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William Worthy, defiant global correspondent, dies

William Worthy, global reporter who defied Cold War travel bans to US adversaries, dies at 92

FILE - In a Feb. 25, 1957 file photo, William Worthy, Afro-American correspondent for the Baltimore Weekly, at the U.S. Passport Agency in New York. W...
FILE - In a April 16, 1964 file photo, newsman William Worthy, 42, left, and attorney William Kunstler hold an application for new passport and the $1...

Obit Worthy

FILE - In a Feb. 25, 1957 file photo, William Worthy, Afro-American correspondent for the Baltimore Weekly, at the U.S. Passport Agency in New York. W...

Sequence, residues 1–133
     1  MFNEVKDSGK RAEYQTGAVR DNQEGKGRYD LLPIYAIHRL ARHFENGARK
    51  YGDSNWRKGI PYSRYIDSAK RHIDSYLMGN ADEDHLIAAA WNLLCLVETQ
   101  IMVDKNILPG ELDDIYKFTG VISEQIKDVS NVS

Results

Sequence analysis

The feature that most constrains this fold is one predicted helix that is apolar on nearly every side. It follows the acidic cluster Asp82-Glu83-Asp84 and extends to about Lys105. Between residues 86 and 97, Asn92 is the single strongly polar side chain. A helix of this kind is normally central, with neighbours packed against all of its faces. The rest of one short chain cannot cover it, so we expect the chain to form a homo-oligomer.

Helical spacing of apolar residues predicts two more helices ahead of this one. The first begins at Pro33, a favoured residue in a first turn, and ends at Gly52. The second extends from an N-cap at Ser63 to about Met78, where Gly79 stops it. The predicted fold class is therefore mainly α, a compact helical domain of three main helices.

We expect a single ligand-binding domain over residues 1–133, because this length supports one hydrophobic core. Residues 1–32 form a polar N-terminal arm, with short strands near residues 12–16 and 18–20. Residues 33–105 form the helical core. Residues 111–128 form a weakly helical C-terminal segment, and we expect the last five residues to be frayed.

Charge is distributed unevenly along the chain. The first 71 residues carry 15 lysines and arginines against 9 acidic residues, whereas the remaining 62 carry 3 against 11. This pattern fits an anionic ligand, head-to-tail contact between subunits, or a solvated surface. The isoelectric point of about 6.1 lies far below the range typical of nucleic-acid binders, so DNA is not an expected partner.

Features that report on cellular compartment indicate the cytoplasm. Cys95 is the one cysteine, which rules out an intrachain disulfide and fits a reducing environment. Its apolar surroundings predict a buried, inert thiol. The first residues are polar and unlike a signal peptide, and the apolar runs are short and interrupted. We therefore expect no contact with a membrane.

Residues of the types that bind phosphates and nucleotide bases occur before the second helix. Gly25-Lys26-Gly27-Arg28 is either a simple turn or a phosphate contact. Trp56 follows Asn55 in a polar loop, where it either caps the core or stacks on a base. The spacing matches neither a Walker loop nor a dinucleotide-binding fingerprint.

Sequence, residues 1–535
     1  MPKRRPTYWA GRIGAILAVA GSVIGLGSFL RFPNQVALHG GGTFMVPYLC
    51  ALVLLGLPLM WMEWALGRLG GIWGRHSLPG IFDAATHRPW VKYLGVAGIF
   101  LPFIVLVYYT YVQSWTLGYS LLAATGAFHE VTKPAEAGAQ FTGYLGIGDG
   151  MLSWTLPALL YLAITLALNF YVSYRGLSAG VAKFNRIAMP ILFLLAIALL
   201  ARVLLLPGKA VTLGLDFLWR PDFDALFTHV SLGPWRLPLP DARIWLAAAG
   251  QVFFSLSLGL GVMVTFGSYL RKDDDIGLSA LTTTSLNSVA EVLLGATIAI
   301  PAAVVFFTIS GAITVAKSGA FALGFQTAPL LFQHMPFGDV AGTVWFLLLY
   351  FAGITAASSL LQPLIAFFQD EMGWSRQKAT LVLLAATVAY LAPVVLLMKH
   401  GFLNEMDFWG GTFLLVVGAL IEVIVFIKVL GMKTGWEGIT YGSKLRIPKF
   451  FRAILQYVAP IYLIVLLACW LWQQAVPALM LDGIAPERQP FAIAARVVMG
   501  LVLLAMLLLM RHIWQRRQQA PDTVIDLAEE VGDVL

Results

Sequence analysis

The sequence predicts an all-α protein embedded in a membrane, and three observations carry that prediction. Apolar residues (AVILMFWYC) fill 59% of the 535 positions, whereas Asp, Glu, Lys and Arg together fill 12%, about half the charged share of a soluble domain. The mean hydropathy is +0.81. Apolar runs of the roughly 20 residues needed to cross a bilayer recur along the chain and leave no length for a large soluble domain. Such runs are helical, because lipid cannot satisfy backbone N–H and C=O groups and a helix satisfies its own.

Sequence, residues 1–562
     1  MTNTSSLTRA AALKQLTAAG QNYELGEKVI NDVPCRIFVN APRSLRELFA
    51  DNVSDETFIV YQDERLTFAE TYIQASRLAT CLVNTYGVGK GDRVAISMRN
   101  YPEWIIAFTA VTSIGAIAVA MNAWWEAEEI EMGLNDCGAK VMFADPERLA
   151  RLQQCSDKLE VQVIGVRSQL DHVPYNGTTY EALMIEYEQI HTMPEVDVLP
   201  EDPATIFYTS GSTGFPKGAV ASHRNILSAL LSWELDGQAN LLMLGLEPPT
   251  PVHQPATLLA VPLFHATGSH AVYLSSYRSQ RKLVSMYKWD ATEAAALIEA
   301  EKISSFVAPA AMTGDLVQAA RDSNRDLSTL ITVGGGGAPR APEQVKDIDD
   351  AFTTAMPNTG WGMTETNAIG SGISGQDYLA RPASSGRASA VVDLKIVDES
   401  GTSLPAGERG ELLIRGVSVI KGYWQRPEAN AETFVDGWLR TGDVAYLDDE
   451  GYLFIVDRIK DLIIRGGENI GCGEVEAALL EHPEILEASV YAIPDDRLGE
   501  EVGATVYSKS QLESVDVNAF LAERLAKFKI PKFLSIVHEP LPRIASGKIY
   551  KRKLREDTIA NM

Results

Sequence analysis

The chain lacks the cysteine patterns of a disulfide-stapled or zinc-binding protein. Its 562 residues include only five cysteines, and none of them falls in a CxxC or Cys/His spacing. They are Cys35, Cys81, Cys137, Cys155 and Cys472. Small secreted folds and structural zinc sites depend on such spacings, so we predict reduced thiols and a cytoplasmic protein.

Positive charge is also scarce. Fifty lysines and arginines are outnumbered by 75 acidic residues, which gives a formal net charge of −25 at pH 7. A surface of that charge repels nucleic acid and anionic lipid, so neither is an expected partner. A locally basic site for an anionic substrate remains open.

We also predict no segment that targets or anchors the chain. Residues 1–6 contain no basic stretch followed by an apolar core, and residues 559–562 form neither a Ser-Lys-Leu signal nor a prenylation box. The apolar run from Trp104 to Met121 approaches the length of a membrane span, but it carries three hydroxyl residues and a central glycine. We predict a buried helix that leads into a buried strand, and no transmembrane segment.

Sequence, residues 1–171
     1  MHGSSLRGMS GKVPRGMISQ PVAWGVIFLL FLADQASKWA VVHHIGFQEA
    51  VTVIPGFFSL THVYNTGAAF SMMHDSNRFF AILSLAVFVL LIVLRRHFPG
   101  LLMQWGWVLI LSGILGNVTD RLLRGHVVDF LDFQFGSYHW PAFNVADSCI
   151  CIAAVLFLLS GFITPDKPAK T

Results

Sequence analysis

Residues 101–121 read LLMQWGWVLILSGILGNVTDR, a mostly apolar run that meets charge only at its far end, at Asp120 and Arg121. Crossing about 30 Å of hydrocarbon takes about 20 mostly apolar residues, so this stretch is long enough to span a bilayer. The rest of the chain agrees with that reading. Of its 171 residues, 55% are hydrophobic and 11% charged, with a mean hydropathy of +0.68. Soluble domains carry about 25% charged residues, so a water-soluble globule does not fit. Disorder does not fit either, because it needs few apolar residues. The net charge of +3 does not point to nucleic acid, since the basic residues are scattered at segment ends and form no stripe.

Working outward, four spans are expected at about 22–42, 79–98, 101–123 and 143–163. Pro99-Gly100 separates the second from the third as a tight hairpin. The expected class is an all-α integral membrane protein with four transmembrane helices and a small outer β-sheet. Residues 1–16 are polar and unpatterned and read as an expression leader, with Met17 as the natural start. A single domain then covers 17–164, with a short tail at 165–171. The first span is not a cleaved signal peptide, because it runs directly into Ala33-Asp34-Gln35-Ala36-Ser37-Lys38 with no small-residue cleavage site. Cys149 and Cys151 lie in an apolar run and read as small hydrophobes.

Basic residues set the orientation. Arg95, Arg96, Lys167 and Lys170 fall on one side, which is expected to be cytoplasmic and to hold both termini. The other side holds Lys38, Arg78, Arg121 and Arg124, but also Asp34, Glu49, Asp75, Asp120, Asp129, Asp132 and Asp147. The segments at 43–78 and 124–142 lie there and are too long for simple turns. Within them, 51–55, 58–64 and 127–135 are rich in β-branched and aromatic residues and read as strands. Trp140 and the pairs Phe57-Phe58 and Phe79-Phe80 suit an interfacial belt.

Obit Worthy

FILE - In a April 16, 1964 file photo, newsman William Worthy, 42, left, and attorney William Kunstler hold an application for new passport and the $1...

BOSTON (AP) -- A foreign correspondent who defied travel bans to Cold War adversaries of the United States has died. William Worthy was 92.

The Nieman Foundation for Journalism at Harvard University announced Worthy died May 4 in Brewster, Massachusetts.

Worthy was a reporter for the Baltimore Afro-American and correspondent for CBS News when he defied travel restrictions by traveling to China in the 1950s.

The government refused to renew his passport, so he visited Cuba in the early 1960s without one. On his return, he was convicted of entering the country illegally. A federal court declared the law unconstitutional.

Folk singer Phil Ochs celebrated him in "The Ballad of William Worthy."

Worthy again challenged the U.S. government by reporting from Iran in the early 1980s after the Islamic revolution toppled the shah.